Former Foreign Secretary Boris Johnson won the race to become Britain’s next prime minister yesterday, heading straight into a confrontation over Brexit with Brussels and parliament, as well as a tense diplomatic stand-off with Iran.
The former London mayor easily beat his rival, Foreign Secretary Jeremy Hunt, in a vote of grassroots members of the governing Conservative Party. He is expected to be confirmed as prime minister today when outgoing Prime Minister Theresa May formally tenders her resignation to Queen Elizabeth II.
Johnson radiated optimism in a brief victory speech to hundreds of party members and lawmakers, pledging to “deliver Brexit, unite the country and defeat Jeremy Corbyn,” leader of the opposition Labour Party. “I say to all the doubters: ‘Dude, we are going to energize the country, we are going to get Brexit done,’” said Johnson, a former London mayor.
After addressing Conservative MPs privately following his victory, Johnson told reporters he was “impatient”. His government will command a majority of just two: 320 votes to 318 in parliament’s lower House of Commons. Colleagues who disagree with Johnson are willing to give him a chance to get a Brexit deal, at least over parliament’s impending six-week summer recess.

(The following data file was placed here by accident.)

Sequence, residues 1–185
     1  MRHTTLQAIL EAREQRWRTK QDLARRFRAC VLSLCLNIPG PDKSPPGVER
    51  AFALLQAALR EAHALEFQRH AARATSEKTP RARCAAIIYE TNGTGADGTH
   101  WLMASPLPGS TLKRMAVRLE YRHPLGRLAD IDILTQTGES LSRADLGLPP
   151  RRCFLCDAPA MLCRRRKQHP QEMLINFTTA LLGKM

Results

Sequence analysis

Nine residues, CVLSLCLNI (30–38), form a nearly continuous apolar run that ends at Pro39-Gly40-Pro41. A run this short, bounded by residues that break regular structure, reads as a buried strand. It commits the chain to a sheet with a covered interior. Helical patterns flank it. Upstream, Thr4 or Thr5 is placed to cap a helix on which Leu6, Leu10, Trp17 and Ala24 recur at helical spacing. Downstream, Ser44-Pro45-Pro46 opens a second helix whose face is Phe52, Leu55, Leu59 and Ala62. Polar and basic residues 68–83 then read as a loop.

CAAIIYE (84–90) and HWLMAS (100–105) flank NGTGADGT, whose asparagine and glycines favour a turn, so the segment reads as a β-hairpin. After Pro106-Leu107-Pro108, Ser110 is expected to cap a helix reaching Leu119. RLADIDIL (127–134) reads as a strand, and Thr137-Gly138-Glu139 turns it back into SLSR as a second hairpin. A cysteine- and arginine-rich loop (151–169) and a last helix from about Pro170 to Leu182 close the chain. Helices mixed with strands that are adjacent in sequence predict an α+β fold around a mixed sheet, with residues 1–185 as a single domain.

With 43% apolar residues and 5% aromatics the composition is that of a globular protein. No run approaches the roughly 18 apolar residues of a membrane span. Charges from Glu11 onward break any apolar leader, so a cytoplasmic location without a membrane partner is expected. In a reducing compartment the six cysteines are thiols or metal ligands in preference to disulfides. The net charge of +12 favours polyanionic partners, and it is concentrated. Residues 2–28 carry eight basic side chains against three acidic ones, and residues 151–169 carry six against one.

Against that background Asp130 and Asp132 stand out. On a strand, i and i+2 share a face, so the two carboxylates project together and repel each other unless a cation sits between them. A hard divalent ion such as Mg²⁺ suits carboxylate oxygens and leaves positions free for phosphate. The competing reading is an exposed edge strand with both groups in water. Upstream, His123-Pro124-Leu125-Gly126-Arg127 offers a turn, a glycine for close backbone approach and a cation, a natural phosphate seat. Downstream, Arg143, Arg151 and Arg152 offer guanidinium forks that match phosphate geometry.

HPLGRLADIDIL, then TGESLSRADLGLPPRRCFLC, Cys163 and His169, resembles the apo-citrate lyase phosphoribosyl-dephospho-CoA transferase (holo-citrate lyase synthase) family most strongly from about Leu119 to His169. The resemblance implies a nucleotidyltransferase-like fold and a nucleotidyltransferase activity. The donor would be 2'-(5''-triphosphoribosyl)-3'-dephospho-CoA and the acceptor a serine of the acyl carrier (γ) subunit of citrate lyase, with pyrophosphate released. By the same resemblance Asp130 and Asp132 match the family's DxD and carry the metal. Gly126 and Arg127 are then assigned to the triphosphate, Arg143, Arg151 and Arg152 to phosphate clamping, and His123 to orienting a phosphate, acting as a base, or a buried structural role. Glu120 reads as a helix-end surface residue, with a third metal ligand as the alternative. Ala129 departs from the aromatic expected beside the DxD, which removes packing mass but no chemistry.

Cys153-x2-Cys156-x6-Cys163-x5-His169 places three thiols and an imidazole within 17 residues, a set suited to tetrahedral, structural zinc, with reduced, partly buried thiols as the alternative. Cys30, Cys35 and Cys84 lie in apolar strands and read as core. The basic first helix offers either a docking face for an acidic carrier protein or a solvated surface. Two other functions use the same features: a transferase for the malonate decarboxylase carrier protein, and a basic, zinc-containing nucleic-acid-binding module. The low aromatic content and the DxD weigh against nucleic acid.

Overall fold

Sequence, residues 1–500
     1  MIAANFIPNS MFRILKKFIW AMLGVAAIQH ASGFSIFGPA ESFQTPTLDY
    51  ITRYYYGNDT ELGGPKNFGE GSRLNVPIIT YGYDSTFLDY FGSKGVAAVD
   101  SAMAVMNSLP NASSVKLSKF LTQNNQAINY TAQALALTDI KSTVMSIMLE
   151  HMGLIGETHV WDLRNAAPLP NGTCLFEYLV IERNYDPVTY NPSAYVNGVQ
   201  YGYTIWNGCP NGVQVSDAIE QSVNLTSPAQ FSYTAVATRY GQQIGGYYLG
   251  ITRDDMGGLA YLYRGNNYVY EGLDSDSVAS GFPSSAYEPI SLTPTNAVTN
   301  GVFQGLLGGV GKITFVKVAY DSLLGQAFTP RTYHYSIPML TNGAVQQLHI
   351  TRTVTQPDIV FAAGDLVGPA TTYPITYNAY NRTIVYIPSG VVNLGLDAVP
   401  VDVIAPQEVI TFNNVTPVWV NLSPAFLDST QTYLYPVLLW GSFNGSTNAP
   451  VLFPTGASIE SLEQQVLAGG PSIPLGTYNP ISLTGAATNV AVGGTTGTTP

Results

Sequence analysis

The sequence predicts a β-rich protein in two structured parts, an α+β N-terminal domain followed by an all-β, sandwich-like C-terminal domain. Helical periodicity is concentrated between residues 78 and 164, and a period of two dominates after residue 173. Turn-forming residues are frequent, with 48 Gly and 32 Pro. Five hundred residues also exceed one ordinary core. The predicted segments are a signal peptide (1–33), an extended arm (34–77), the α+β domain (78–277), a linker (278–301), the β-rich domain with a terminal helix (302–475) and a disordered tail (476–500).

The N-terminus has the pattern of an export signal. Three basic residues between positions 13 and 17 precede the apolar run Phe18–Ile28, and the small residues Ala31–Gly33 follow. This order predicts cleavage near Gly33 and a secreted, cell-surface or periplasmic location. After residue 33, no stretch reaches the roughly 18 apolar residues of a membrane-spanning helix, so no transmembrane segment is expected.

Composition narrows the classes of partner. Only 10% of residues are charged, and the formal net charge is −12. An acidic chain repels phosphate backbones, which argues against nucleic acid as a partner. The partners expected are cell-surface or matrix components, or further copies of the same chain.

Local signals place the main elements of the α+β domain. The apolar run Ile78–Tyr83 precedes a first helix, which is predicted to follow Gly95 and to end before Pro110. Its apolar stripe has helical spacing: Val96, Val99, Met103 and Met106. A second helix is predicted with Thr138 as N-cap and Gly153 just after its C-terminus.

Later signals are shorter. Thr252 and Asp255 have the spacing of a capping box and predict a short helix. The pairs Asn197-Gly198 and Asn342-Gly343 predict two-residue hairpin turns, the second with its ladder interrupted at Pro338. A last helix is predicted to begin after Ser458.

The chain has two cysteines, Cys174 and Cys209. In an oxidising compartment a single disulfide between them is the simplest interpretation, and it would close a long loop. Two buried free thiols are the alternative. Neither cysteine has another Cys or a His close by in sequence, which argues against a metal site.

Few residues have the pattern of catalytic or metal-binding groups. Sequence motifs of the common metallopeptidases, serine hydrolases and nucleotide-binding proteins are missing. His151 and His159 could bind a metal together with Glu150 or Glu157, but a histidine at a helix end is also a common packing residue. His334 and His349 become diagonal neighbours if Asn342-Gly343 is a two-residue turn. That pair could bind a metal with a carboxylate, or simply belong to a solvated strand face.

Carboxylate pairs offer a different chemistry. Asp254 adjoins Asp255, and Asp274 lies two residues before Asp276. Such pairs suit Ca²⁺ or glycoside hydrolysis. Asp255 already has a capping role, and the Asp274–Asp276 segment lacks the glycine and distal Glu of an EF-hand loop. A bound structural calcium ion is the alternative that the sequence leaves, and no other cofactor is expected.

But Johnson, known for his jokes and bluster, is taking over at a time of immense political upheaval. Although parliament dislikes May’s deal, Johnson faces significant opposition from MPs to his threat to leaving with no deal, including from Conservative colleagues.
Several ministers said they will not serve under Johnson, warning that severing ties overnight with Britain’s closest trading partner is deeply irresponsible. But Johnson insisted he could change the atmosphere in parliament, saying: “Like some slumbering giant we are going to rise and ping off the guy ropes of self-doubt and negativity.”
Three years after the referendum vote to leave the European Union, Britain remains a member amid continued wrangling in a divided parliament on how to proceed.
Johnson led the referendum “Leave” campaign and after May delayed Brexit twice, insists the latest deadline must be met, with or without a divorce agreement with the EU. “We’re going to get Brexit done on October 31,” he declared in a speech to party members in London, after winning 66 percent of almost 140,000 votes cast.
However, Brussels says it will not renegotiate the deal it struck with May to ease the end of a 46-year partnership even after British MPs rejected it three times.